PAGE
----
Lebanon News

Roman columns left by coast face uncertain future

BEIRUT: A large collection of ancient Roman columns left by Beirut’s waterfront face an uncertain future as the Directorate General of Antiquities offers blurry plans for their relocation. The latest find of at-risk archaeological remains were reportedly originally stored in a waterfront warehouse close to where the columns are now piled. But plans to renovate the area by real estate giant Solidere forced the warehouse to shut down, leaving an estimated 400 to 500 hundred pieces of Roman columns scattered near BIEL.

The DGA’s failure to quickly move the columns to a safer, more permanent home has drawn fire from politicians and the public.

“Why did the culture minister say they [the ruins] were being moved? ... Daesh did the same thing in Syria, removing ancient ruins and destroying them,” Kataeb leader MP Sami Gemayel said on Voice of Lebanon (100.5) radio Wednesday afternoon.

Sarkis Khoury, the director-general of the DGA, told The Daily Star that criticism over the recent “relocation” of the ancient remnants was a product of unclear media coverage. Plans for proper relocation were in the works, he assured.

“What is being shown in the media is not what’s happening, we are trying to make a project with the Beirut Municipality to put [the artifacts] in some [parks]. It will not be done today, but we are working on it. It will take time,” Khoury said via phone.

A separate source from the DGA, who spoke on condition of anonymity, said the plan to place some of the items in parks around Beirut had already begun. The source added that there were further plans to move some other items from the collection to Horsh Beirut.

Attempts to reach Beirut Gov. Ziad Chebib to confirm the relocation were unsuccessful.

Regarding the apparently haphazard placement next to the sea, the source insisted there was no cause for worry. “They’re all in good shape; they’re granite, so there will be no danger putting them near the sea,” he told The Daily Star.

Erasure of historical buildings and sites in Beirut has been a long-simmering issue. In addition, Solidere – responsible for the entire reconstruction of Downtown Beirut – has faced heavy criticism from academics, the public and politicians for destroying many of the city’s archaeological finds since the company began reconstruction of key sites around the Lebanese capital.

Hans Curver, archaeological heritage consultant for Solidere, told The Daily Star that the value of the remnants has been largely misunderstood by the public. “It’s really important to know where these columns are found. They were mostly integrated into Ottoman or 20th-century foundations, so they’re considered as stray finds,” Curver said. “For me, as an archaeologist, studying the stratigraphic remains, the value for these [items] is rather low. But for the general public, it’s quite something to come across the Roman elements.”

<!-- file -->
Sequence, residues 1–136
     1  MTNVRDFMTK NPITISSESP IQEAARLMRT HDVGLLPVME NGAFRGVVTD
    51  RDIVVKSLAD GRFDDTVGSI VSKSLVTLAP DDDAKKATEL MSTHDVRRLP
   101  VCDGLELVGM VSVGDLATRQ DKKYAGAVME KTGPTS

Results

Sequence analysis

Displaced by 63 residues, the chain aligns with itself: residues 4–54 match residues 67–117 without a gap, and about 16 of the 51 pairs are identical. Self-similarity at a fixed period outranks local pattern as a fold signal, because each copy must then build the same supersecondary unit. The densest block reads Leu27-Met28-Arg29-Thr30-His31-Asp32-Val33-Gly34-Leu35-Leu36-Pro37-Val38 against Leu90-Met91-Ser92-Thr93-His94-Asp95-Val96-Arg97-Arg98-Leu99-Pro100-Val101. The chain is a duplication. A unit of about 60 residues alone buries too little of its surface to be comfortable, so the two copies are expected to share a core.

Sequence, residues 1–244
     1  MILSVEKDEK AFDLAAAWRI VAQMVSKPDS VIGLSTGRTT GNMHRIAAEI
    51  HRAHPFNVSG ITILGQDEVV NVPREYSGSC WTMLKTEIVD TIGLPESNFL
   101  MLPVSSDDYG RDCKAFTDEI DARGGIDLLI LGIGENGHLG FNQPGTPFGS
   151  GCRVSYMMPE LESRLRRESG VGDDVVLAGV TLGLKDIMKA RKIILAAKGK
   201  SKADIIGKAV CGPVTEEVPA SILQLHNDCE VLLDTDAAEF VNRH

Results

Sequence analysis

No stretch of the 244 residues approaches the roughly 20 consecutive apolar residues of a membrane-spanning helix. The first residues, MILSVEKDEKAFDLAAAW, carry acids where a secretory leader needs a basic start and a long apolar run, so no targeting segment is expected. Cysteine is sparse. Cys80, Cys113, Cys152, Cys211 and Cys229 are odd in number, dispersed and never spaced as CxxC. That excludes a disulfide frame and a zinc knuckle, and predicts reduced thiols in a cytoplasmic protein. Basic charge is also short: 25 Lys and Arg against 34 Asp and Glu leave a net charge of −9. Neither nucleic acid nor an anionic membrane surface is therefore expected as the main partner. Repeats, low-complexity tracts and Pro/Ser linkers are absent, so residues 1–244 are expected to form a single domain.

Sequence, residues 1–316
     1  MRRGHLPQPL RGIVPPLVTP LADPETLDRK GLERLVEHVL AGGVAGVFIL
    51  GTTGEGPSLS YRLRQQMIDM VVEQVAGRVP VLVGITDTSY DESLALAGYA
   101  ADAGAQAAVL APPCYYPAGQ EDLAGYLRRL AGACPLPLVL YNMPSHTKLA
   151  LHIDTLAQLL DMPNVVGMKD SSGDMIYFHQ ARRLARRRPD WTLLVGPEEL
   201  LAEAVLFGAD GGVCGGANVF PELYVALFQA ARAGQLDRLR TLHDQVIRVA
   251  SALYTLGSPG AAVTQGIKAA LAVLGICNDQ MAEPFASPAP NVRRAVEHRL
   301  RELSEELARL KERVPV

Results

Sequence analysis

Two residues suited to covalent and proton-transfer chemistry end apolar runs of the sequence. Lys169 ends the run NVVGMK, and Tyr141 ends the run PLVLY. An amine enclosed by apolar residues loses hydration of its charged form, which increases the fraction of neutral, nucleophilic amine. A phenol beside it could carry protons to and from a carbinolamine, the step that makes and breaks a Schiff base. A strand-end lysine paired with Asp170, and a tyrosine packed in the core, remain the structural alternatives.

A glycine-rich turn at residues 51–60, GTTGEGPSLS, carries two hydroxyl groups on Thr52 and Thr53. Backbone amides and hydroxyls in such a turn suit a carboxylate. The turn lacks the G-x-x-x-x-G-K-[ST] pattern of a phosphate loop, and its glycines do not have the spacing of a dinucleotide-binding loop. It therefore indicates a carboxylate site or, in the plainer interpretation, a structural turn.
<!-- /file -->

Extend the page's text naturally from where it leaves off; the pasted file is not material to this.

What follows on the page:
Helen Sader, professor of archeology at the American University of Beirut, corroborated that some Roman ruins found in excavations around Downtown Beirut were not found “in situ,” having been reappropriated by later generations, rendering their place in world history unclear. This, she said, greatly diminishes their original cultural value.

“Roman columns were reused by the Crusaders, they were reused in many buildings, inserted in their walls to strengthen them. So it’s likely that these were pieces found and reused, but not in their original context,” she told The Daily Star

Nevertheless, Curver openly admitted that the archeological finds posed logistical issues for the real estate company seeking to expand its project.

“Solidere doesn’t want all of these things on their land ... it’s a nightmare for every column to find a place of storage,” the consultant said. “Solidere is ready to pay for the trucks, the DGA just has to define the final destination.”

Meanwhile, Mira Wakim, a political bureau member of the Kataeb Party who has been vocal about the issue, told The Daily Star that regardless of what happens to these columns now, their preservation was crucial given that a lot of Lebanon’s cultural history has been lost through inaction. “The ruins need to be placed somewhere adequate where they can be protected and classified,” she said. “From Tripoli to Tyre, what’s happening to our culture is a shame. This is ... a scandal to Lebanon’s history.”

 
A version of this article appeared in the print edition of The Daily Star on May 04, 2017, on page 2.

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